How to Choose the Right Utility Tractor

Utility Tractor Safety Features

Since tractors are extremely powerful pieces of equipment, it's important to be safe around them. Remember, a tractor is tough. It's designed to go over rough terrain, and implements like brush mowers are designed to run right over and destroy heavy pieces of debris. In other words, they'll have no problem running over and destroying you, too. When you're working with a tractor, lawn and garden safety goes well beyond wearing eye protection and keeping your toes away from your push mower's blade.

When you're shopping for a utility tractor for your home and garden needs, make sure to check out available safety equipment. Tractors, because they're tall and thin, can often be tippy. Make sure to get one with a Roll Over Protection Structure -- that will help lower the risk of the tractor rolling over on you when you're just trying to get a little lawn care done.

A common tractor accident involves the operator getting run over. These accidents usually happen when the operator hooks up an implement on the ground, and then starts the tractor before getting in the driver's seat. The tractor can lurch forward, running over the operator. To help prevent this, look for a tractor that locks the ignition when the PTO is engaged. That locked ignition will mean that you have to get in the driver's seat or cab to start the tractor, keeping you out of harm's way.

Also look for a tractor with good visibility. When working, you want to be able to see as much of your surroundings as possible. A lot of tractor accidents are the result of operators not seeing other people or hazards in the area.

That brings us to the next point: the most important safety feature on any tractor is your own common sense. Don't operate a tractor near children or unsecured animals. Before working, take a walk around the area first. If you're going to be mowing, look for and remove large rocks -- a tractor's mower blades spin at 200 miles per hour (322 kilometers per hour) -- plenty fast to launch rocks hundreds of feet where they can injure people and damage property. Also, be careful operating a tractor on hills or around ditches and water. Always keep a cell phone handy when working, but only use it to call for help, otherwise it's just another distraction.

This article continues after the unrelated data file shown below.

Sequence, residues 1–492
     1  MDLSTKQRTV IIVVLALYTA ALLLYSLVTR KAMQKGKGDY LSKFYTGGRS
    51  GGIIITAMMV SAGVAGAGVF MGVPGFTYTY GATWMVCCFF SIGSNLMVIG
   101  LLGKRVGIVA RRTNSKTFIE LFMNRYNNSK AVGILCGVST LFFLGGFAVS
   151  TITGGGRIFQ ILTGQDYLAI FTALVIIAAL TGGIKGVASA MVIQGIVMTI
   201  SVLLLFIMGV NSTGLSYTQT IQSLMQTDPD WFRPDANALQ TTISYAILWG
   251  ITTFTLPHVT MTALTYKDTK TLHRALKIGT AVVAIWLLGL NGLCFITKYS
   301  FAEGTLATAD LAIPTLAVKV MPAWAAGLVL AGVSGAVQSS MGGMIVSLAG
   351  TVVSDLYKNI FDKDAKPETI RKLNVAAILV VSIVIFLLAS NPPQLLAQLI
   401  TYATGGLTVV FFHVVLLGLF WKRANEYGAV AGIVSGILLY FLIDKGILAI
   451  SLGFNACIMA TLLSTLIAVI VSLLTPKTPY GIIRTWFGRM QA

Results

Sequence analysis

Having a utility tractor can make working your property easier and more rewarding, but it also introduces a lot of power to the work you do. Be careful with it.

For more information about utility tractors and other related topics, follow the links below.

Related HowStuffWorks Articles


  • Burner, Ken. "How to Select a Compact Tractor." Mother Earth News. April/May 2002. (March 20, 2010)
  • DeVault, George. "Tractor Safety is No Accident." Mother Earth News. April/May 2005. (March 20, 2010)
  • Ekarius, Carol. "Taking on a Tractor." Hobby Farms Magazine. December/January 2004. (March 20, 2010)
  • Griepentrog, Troy. "Two-Wheeled Tractors: Just Right for the Homestead." Mother Earth News. June 17, 2009. (March 20, 2010)
  • Hobby Farms Magazine. "Tractor Terminology." (March 20, 2010)
  • Mother Earth News. "Mother's Handbook: Choosing and Using a Tractor, Part I." November/December 1985. (March 20, 2010)
  • Will, Hank. "Frontier Announces New Tractor-Mounted Snow Blowers." Grit. Aug. 8, 2009. (March 2010)
  • Will, Hank. "New CVT Transmission In Farmall Compact Tractors." Grit. July 22, 2009. (March 20, 2010)